Former USM president who received ‘no-confidence’ vote named to post at Yeshiva University in New York

Posted Feb. 25, 2014, at 11:38 a.m.
Last modified Feb. 25, 2014, at 1:21 p.m.

BANGOR, Maine — Selma Botman, the former president of the University of Southern Maine who left that position after a faculty wide “no-confidence” vote in 2012, has been named the next vice president of academic affairs and provost at Yeshiva University in New York City.

Botman resigned from her position as USM president in 2012, though she still had a year left on her contract. She was given a position as special assistant to the chancellor on global education for the final year of her contract. During that time she produced a 39-page, five-year plan for recruiting international students to the University of Maine System.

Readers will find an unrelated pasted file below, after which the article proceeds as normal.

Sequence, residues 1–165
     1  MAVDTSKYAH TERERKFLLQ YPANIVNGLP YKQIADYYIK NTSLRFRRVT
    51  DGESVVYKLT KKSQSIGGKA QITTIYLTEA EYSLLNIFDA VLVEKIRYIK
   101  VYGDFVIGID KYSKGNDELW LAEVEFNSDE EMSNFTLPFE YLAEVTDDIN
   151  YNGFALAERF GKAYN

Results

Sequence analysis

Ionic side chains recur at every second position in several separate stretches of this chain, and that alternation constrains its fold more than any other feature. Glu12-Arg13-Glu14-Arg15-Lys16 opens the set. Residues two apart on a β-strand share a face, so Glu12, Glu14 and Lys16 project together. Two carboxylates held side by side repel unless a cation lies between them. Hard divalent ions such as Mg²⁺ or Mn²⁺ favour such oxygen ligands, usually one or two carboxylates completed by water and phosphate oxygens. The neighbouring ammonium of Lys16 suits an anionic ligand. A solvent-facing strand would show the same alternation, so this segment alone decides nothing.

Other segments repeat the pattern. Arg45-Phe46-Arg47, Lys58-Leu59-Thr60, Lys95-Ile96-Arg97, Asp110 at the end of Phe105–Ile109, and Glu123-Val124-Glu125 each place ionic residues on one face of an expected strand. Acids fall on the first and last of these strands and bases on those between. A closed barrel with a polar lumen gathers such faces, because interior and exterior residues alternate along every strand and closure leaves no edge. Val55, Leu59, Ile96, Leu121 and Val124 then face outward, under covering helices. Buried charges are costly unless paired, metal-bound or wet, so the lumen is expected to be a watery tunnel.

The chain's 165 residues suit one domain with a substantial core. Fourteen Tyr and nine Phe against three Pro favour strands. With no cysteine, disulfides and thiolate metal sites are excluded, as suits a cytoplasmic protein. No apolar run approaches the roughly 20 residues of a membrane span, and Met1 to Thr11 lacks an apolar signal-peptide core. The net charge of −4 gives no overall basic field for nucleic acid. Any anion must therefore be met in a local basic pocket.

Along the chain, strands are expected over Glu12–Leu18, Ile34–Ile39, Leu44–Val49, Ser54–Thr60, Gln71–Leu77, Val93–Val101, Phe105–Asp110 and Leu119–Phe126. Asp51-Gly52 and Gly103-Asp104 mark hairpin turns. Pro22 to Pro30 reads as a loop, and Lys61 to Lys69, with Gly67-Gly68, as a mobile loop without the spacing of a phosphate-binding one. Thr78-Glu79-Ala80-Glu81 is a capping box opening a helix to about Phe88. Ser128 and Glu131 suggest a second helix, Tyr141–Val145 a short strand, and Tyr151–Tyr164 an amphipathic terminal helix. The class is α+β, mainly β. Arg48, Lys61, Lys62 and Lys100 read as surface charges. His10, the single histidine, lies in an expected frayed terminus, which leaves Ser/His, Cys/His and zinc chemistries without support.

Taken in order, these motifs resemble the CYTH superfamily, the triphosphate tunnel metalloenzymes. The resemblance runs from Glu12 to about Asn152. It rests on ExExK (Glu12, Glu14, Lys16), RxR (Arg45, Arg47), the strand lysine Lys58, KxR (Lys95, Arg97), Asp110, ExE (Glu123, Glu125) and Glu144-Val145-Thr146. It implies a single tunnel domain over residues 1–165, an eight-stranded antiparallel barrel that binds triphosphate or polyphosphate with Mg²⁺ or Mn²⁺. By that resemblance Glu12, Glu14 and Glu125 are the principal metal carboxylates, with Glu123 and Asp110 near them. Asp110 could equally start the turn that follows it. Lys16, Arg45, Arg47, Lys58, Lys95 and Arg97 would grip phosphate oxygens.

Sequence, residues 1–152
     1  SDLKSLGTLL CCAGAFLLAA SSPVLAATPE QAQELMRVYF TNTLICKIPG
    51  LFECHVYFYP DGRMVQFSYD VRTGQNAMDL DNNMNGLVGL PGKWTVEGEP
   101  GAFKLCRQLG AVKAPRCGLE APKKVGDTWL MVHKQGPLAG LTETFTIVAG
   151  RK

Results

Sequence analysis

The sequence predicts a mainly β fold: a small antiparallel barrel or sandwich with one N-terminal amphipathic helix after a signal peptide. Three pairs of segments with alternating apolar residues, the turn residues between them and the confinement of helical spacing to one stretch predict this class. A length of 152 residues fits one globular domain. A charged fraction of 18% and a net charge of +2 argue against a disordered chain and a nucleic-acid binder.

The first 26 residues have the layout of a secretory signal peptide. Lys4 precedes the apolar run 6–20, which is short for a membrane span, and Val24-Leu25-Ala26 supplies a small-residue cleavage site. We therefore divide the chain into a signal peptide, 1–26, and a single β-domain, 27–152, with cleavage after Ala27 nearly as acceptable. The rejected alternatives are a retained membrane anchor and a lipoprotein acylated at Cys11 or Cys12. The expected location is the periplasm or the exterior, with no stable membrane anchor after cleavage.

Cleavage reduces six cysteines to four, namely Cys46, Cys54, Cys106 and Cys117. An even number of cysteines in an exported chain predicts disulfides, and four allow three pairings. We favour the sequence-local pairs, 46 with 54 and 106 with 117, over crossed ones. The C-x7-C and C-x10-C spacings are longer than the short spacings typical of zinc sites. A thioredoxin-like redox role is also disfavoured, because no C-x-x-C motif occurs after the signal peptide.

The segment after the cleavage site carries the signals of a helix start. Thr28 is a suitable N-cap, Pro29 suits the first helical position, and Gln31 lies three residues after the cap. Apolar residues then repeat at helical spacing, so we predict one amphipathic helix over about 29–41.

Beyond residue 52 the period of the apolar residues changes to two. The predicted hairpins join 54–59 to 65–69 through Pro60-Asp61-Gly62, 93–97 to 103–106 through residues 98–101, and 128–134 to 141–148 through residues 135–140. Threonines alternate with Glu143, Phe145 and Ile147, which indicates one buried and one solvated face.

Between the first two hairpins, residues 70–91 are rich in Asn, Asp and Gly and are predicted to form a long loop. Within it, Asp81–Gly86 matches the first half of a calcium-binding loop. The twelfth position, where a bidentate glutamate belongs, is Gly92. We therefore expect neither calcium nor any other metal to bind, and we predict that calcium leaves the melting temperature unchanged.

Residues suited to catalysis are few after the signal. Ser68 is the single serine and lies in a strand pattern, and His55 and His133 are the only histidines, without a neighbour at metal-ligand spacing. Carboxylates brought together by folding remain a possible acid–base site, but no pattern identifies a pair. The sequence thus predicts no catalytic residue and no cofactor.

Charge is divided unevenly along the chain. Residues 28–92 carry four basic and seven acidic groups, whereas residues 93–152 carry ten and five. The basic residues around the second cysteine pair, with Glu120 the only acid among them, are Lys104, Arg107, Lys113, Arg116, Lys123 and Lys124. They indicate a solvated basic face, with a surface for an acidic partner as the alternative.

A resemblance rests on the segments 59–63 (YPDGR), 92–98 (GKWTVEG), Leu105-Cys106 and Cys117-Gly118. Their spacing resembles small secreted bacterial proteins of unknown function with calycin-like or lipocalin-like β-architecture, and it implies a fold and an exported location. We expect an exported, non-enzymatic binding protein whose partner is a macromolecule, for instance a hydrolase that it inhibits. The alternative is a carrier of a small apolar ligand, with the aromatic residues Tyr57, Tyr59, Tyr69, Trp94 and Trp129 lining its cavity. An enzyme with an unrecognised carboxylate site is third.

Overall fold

The vote of no confidence came in the spring of 2012, after a group of senior faculty circulated a petition calling for the referendum. More than 68 percent of the faculty who voted indicated “no confidence” in their president, according to the USM Free Press, though only 75 percent of the faculty participated in the vote.

“Attracting a higher education professional with the experience, the humanity, and the academic probity of Selma Botman is an achievement that reflects Yeshiva University’s stature as one of the nation’s leading universities,” said Yeshiva University president Richard Joel in a statement dated Jan. 30.

Botman was selected in a nationwide search led by a 10-member search advisory committee, according to the statement. She begins her new job July 1.

Yeshiva University is a Jewish university located in New York City.